Amerco Real Estate Co. (Amerco) and U-Haul petitioned for relief pursuant to CAR 21 from an order of the district court denying their request to dismiss the Colorado transportation department’s Petition in Condemnation and instead granting the department’s motion for immediate possession of the subject property, which is owned by Amerco and occupied by U-Haul. The district court rejected U-Haul’s assertion that the transportation commission’s authorization for the department to condemn property for highway purposes, in the absence of any resolution by the commission approving the acquisition of the particular property to be taken, at a public meeting, amounted to an unlawful delegation of quasi-legislative power. The Supreme Court issued its rule to show cause and here made the rule absolute, remanding to the district court with orders to dismiss the department’s Petition in Condemnation. The Court held that because the commission’s enabling legislation contemplates that it alone must decide whether the public interest or convenience will be served by a proposed alteration of a state highway, and that decision must be made in consideration of, among other things, the portions of land of each landowner to be taken for that purpose and an estimate of the damages and benefits accruing to each landowner whose land may be affected thereby, the commission’s general authorization, to the extent it purports to delegate to the department the choice of particular properties to be taken for such a highway project and the manner of their taking, constituted an unlawful delegation of its statutorily imposed obligation.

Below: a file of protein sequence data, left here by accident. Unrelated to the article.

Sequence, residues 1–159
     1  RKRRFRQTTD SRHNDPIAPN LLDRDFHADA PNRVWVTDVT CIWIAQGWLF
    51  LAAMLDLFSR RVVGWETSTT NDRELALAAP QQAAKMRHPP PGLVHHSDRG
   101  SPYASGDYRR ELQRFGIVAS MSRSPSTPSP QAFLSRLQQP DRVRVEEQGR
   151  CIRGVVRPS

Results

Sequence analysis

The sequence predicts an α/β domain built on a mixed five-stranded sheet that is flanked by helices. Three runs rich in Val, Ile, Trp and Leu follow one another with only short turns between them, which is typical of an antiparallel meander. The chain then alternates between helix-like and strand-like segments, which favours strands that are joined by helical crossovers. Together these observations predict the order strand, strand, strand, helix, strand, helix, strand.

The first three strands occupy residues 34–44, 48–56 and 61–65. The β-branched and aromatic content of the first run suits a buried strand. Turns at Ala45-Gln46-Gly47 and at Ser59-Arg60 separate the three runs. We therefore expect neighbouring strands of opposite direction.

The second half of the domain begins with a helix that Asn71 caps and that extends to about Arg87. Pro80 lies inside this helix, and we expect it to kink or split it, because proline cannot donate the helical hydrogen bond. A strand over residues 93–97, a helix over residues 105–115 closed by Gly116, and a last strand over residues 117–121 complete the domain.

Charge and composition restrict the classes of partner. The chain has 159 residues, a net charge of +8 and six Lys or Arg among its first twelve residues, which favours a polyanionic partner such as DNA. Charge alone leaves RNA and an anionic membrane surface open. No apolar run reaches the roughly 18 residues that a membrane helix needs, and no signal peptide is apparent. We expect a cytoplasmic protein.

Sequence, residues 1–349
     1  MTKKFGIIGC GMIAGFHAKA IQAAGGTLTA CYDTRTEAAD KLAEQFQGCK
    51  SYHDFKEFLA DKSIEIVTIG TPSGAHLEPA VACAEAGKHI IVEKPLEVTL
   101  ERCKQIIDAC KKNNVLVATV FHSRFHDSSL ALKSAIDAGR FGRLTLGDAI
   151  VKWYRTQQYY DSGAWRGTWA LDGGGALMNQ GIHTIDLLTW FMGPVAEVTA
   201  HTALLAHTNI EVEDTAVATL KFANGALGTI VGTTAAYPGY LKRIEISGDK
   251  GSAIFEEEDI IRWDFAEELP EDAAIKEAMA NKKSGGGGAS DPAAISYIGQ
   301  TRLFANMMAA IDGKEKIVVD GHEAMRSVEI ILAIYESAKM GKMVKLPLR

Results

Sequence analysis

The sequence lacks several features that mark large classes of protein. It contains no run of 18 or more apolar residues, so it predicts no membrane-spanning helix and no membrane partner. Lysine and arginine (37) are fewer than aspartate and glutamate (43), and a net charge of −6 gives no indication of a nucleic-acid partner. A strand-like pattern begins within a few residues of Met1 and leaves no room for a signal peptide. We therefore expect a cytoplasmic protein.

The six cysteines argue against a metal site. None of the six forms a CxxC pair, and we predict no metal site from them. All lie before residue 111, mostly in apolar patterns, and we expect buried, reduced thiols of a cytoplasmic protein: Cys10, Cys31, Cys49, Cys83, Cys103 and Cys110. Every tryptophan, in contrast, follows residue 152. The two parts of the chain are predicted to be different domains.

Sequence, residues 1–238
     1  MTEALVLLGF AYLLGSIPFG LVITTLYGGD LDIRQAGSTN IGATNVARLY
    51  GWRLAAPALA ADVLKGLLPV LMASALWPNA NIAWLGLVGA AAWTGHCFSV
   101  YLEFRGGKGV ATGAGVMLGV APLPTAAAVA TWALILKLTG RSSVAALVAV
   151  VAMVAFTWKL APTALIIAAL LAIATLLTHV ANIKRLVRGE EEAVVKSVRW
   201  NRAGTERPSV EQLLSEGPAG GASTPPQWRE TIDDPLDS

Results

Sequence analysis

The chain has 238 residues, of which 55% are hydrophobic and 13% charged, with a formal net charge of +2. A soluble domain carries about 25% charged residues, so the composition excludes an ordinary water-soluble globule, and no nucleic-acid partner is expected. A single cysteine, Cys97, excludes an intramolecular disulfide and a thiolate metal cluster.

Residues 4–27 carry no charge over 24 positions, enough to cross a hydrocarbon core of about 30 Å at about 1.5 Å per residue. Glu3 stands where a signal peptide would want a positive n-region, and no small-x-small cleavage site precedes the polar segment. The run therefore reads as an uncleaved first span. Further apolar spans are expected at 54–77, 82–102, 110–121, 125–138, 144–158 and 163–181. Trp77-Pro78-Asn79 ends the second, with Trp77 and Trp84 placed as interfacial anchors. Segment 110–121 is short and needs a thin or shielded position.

Summary provided courtesy of The Colorado Lawyer.

Tenth Circuit: Unpublished Opinions, 9/27/2016

On Tuesday, September 27, 2016, the Tenth Circuit Court of Appeals issued no published opinion and four unpublished opinions.

Savage v. Fallin

Allen v. Colvin

Horng v. Lynch

Randall v. Allbaugh

Case summaries are not provided for unpublished opinions. However, some published opinions are summarized and provided by Legal Connection.

Colorado Court of Appeals: City Waived Immunity by Failing to Maintain Road

The Colorado Court of Appeals issued its opinion in Dennis v. City & County of Denver on Thursday, September 22, 2016.

Colorado Governmental Immunity Act—Deteriorated Roadway—Unreasonable Risk to Health or Safety of Public.

Heyboer sustained injuries as a passenger on a motorcycle that could not timely brake when a car unexpectedly turned left in front of it. Dennis, as conservator and guardian for Heyboer, brought this negligence and premises liability action against the City and County of Denver (City). The complaint alleged that (1) the City had a duty to maintain the roadway free from dangerous conditions that physically interfered with the movement of traffic, (2) it breached that duty by allowing the roadway to fall into disrepair, (3) it knew of the deteriorated state of the road from prior complaints, and (4) Heyboer’s injuries resulted from the City’s breach of its duty of care.

The City moved to dismiss under C.R.C.P. 12(b)(1), asserting immunity and denying the allegations. The district court conducted a hearing and granted the City’s motion.